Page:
The European ‘snackers’: Who is snacking on what, where?
Eating three square meals a day is fast falling out of fashion. The convenience trend continues to soar and increasingly busy lifestyles mean consumers are grabbing a bite wherever and whenever they can.
The result of all this is a booming snacks category. According to Statista, the Snack Food segment will achieve a global revenue of $63.8bn this year with an expected annual CAGR of 0.55% until 2027.
This is perhaps unsurprising, given the number of ‘snackers’ identified by YouGov in its most resent survey on consumer trends and preferences in snacking. According to the market research and data analytics firm, globally more than two in five consumers (45%) are ‘snackers’ – meaning they often snack in between meals.
Who is snacking?
However, snacking appears to be more common among certain populations than others. A survey of 2,000 adults in the UK, France, and Germany, revealed that Brits are the most likely to snack.
More than half of UK consumers (58%) said they often snack between meals. While a significant number, this figure is less than in the US, where an estimated 65% of consumers are considered ‘snackers’.
In Germany and France, the figures are lower still. Less than half of consumers in Germany (44%) and less than one-third (30%) in France say they often snack between meals.
A deep dive into consumer profiles offers greater insight into the ‘who’ of British snacking. According to the YouGov survey, UK ‘snackers’ are more likely to be young females with middle or low incomes.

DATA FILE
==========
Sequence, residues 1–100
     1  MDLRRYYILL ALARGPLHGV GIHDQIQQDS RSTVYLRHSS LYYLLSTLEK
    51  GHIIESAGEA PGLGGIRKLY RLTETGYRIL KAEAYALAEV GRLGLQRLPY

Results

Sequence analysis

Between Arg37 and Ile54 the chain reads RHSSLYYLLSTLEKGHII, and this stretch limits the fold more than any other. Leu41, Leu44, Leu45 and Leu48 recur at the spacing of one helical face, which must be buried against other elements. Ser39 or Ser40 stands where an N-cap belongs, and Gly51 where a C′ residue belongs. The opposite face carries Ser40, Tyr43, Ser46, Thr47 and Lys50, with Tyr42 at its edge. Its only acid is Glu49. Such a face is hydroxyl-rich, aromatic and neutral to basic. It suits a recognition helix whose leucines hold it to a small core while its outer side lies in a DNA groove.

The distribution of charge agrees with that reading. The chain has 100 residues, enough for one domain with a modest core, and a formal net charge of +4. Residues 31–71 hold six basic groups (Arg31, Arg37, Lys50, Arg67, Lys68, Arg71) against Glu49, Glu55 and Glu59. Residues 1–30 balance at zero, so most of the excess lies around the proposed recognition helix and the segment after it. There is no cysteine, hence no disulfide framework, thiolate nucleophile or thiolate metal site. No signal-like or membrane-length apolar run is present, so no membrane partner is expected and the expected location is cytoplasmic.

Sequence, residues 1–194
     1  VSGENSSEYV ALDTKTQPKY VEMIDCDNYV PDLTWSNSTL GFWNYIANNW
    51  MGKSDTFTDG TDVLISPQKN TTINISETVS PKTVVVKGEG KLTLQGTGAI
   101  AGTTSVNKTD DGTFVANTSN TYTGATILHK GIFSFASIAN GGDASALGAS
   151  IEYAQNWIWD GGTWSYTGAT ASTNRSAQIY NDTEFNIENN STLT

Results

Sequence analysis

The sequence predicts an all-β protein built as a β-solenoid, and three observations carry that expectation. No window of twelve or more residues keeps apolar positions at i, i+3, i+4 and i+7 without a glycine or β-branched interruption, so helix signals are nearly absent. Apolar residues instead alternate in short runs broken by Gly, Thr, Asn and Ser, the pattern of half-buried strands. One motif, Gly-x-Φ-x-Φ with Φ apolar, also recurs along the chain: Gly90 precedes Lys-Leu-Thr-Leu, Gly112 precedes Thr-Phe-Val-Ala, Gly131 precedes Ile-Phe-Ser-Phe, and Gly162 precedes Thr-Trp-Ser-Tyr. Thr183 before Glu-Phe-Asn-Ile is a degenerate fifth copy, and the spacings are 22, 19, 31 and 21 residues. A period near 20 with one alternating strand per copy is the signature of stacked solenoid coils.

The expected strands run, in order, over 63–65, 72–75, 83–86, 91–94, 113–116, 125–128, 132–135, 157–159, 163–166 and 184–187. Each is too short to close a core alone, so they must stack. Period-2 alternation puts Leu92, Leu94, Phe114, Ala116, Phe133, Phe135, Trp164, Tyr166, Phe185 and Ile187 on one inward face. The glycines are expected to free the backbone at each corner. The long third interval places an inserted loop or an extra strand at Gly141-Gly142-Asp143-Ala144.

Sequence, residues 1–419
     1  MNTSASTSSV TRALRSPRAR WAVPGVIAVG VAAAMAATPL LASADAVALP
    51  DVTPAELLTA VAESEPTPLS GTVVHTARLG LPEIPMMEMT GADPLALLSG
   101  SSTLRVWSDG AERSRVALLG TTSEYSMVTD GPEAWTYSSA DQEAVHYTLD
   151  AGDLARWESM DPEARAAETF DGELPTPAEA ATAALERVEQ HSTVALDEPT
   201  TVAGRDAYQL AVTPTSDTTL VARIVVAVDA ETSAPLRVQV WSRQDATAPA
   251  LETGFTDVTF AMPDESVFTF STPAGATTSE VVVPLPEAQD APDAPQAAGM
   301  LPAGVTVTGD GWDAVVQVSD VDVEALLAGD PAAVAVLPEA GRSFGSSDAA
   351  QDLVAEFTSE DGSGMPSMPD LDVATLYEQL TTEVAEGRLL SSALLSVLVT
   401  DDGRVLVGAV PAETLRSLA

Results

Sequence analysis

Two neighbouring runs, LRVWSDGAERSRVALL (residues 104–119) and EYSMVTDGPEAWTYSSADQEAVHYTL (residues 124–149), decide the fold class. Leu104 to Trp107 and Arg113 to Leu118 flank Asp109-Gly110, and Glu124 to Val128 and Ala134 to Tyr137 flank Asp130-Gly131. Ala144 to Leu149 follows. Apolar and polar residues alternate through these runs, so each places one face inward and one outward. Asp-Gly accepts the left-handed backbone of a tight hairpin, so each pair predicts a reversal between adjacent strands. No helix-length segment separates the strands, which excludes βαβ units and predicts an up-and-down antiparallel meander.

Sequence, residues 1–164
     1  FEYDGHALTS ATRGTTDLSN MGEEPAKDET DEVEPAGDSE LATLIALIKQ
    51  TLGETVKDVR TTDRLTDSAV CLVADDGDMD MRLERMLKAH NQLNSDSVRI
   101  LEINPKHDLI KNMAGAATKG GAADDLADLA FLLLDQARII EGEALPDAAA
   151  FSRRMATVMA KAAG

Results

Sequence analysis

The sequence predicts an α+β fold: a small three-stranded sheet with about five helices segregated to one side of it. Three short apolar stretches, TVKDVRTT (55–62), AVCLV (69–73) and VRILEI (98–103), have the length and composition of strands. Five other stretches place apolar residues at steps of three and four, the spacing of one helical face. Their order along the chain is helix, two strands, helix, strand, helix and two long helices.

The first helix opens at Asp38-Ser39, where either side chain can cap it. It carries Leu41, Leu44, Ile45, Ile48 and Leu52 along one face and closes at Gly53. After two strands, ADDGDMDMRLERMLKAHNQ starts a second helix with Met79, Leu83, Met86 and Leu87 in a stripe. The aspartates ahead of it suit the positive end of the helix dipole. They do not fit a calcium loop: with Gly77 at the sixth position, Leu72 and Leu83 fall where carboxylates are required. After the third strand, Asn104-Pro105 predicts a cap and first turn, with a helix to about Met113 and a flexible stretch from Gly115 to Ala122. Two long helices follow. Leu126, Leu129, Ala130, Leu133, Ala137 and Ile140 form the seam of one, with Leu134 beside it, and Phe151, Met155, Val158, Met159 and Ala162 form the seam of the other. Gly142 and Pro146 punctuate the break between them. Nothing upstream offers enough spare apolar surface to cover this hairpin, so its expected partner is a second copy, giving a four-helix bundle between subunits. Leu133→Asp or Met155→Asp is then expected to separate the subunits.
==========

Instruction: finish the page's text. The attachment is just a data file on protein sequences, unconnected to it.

“They admit they sometimes eat out of boredom and can treat themselves to food that is not good for them,” noted the market research firm.
Why snack? And on what?
YouGov’s survey of consumers across the US, UK, France and Germany suggests 53% of consumers snack to fulfil their hunger. A total of 46% said they want a snack that ‘keeps me going’.
While some consumers noted a preference for high-protein snacks, and others were interested in plant-based options, this didn’t necessarily come through in their snacks of choice.
In the UK, for example, the ‘snackers’ said their favourite snacks were chocolate bars: KitKat, Maltesers, Galaxy, Wispa, and Twix.
In France, there was greater diversity in their snacks of choice, which included biscuit, chocolate and dessert brands: LU, St Michel, Bonne Maman, Milka, and Kinda Bueno.
And over in Germany, confectionery also reigned: Haribo, Milka, Ritter Sport, Kinder Schokolade, and Lindt.